Radon Glossary A-E

AARST: American Association of Radon Scientists and Technologists, the professional association of the radon industry.

Absorbed Dose: The amount of radiation energy absorbed, especially by human tissue; measured in rads.

Activated Carbon: A material manufactured from the combustion of fibrous materials such as coconut shells or wood under low oxygen conditions. This process makes "sites" within the material upon which radon can be adsorbed. This material is used in activated carbon measurement devices and in activated carbon adsorption units for removing radon from water.

Active radon/radon decay product measurement device: A radon test or radon decay product measurement system which uses a sampling device, detector, and measurement system integrated as a complete unit or as separate, but portable, components. Active devices include continuous radon monitors, continuous working level monitors, and grab radon gas and grab working level measurement systems, but does not include devices such as electret ion chamber devices, activated carbon or other adsorbent systems, or alpha track devices.

Adsorption: where radon molecules are retained on the surface of the charcoal in a charcoal canister.

Air Pressure Differentials: Differences in air pressure that exist over short distances, e.g. between the interior of a home and below slab or between inside and outside the building shell. Air moves from areas of higher pressure to lower pressure. Air flow caused by pressure differentials is a major force for radon entry into buildings.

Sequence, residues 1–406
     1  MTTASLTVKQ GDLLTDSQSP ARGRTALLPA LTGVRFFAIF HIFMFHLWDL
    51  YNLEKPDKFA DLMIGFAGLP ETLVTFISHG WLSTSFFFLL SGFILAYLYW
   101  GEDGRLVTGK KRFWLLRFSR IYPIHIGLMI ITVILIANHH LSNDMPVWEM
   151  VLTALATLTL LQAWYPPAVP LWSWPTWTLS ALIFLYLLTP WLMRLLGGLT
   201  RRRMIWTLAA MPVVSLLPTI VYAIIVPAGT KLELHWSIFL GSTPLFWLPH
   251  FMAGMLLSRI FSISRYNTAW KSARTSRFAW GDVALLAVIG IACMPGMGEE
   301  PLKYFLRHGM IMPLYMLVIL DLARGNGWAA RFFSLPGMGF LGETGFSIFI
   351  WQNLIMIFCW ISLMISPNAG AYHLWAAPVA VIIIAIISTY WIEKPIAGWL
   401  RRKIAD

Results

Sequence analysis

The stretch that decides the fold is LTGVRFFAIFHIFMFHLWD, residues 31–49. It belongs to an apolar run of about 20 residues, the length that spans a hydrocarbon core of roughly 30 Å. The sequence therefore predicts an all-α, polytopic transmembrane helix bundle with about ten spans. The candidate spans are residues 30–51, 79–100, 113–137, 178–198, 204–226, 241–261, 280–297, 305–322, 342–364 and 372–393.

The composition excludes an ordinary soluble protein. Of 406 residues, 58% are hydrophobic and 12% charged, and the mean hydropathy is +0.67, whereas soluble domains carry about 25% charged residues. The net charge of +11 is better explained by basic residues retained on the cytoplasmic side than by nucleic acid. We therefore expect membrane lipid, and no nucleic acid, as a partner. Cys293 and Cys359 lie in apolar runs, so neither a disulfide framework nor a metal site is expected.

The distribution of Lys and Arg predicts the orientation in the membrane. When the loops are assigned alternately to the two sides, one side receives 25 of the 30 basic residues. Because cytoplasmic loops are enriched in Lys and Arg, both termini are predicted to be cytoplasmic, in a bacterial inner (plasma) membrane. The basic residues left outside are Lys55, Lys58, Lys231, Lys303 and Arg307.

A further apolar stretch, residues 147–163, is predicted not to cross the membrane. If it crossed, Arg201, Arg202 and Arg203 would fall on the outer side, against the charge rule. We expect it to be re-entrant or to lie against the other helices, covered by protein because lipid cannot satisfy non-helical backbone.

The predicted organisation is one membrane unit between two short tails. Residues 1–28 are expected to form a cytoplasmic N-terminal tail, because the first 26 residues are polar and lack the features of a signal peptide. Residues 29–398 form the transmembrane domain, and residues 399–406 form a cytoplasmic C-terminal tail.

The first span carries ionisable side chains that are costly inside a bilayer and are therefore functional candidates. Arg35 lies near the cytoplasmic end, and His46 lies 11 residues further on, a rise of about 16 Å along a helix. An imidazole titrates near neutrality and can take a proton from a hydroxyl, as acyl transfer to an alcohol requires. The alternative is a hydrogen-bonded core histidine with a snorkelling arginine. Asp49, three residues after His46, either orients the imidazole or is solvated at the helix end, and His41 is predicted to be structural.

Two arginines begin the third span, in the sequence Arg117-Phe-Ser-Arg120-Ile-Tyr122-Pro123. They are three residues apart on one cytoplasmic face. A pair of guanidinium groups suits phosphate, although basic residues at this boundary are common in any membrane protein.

Alpha Decay: The radioactive decay of an atom in which the nucleus loses two protons and two neutrons.

Alpha Track Detector: A long term detector for radon. It consists of a plastic material or celluloid film, in which alpha radiation leaves damage tracks that can be counted under a microscope after the plastic material is etched in NaOH (sodium hydroxide) solution.

Background count rate: The counting rate obtained on a given instrument with a background counting sample. Typical reference background counting samples are:

  • Empty planchet: for G-M detectors, internal proportional counters, low background beta counters, alpha spectrometers.
  • Scintillation vial containing scintillant and sample known to contain no radioactivity: for liquid scintillation counters.
  • Container filled with distilled water: for gamma spectrometers.

Background measurements: Measurements made with either active instruments exposed to a radon-free gas, such as aged air or nitrogen, or for passive detectors by analyzing unexposed detectors. Results are subtracted from the actual field measurements before calculating the reported concentration. Background levels may be due to electronic noise of the analysis system, leakage of radon into the detector, detector response to gamma radiation, or other causes.

Background radiation: Radiation arising from radioactive material other than that under consideration. Background radiation due to cosmic rays and natural radioactivity is always present; background radiation may also be due to the presence of radioactive substances in building materials.